' Brianna Potter | MTTLR

The Reach of Sovereign Immunity in IPRs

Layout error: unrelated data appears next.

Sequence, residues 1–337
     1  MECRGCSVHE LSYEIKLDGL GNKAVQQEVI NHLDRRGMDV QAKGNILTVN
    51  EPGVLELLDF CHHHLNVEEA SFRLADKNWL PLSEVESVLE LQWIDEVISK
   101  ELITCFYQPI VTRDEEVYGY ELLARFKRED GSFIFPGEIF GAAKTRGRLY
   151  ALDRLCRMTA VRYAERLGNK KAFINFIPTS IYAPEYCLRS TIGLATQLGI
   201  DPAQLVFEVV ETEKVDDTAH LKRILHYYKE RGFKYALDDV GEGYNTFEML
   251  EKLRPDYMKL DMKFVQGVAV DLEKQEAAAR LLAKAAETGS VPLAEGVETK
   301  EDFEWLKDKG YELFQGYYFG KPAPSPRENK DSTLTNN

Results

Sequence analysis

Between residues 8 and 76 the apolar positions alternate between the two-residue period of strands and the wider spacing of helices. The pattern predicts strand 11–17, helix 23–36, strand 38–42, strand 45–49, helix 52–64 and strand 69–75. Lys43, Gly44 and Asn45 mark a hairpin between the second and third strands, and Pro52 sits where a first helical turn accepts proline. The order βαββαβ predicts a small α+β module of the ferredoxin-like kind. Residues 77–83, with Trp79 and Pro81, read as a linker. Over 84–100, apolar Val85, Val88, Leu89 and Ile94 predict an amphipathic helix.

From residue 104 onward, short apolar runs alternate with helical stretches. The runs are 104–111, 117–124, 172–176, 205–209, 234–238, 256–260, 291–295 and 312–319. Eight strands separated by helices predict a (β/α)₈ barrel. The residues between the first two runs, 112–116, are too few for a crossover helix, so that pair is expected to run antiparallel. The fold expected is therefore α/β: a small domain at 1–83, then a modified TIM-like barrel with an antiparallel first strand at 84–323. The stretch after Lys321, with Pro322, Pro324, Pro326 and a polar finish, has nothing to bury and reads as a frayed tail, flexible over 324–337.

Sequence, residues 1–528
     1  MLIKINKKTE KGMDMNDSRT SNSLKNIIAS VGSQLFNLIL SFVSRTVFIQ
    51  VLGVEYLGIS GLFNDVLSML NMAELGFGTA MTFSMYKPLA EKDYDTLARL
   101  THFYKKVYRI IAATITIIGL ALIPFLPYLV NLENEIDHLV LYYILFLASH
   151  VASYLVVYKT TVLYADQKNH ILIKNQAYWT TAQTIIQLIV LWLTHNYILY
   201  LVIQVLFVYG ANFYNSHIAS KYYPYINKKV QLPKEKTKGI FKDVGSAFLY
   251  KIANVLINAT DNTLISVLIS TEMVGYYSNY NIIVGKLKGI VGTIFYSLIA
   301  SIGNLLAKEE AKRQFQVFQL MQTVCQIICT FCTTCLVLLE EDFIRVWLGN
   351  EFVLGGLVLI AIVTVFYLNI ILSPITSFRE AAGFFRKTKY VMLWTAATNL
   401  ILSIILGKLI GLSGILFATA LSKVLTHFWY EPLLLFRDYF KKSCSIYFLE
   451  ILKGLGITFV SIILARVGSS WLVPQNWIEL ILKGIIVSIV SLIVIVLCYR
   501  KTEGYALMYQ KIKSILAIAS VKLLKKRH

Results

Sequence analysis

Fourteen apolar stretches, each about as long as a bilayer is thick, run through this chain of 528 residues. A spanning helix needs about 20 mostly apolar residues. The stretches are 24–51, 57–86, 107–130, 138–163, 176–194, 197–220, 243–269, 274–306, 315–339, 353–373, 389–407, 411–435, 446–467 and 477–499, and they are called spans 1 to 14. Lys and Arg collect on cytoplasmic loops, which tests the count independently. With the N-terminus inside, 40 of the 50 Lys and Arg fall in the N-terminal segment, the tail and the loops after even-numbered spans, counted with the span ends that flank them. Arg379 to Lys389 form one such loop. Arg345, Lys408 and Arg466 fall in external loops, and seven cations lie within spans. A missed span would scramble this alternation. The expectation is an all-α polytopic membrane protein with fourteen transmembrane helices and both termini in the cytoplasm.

How does one balance the rights of sovereigns residing within a greater jurisdiction with fundamental rules of fairness? This question was recently decided by the Federal Circuit in the context of Inter Partes Review (IPR) in the case of St. Regis Mohawk Tribe. The St. Regis Mohawk tribe gained national attention when Allergan sold their patent rights to the tribe in exchange for money and an exclusive license to the drug. The lawyer orchestrating this transaction openly admitted that his purpose was to take advantage of the tribe’s sovereign immunity and avoid the easier-to-file-than-a-regular-lawsuit IPRs. This open attempt to beat the system is perhaps one reason why the Patent Trial and Appeal Board (PTAB) stated that tribal immunity didn’t apply to their proceedings. The Federal Circuit agreed, stating that IPRs are different enough from Article III adjudication to not trigger tribal immunity. At the end of their opinion, the court said that they would “leave for another day the question of whether there is any reason to treat state sovereign immunity differently.” But the court’s analysis in the decision may already answer that question. The test for attachment of sovereign immunity in agency proceedings hinges on the similarity between said proceeding and civil litigation. The question then is, does an IPR look like civil litigation? On the one hand, the Supreme Court has stated that IPRs “mimic[] civil litigation.” However, in Oil States, the case where the Supreme Court declared IPRs not unconstitutional, the Court described the proceedings as being a “reconsideration of the Government’s decision to grant a public franchise.” With these in mind, the Federal Circuit, in...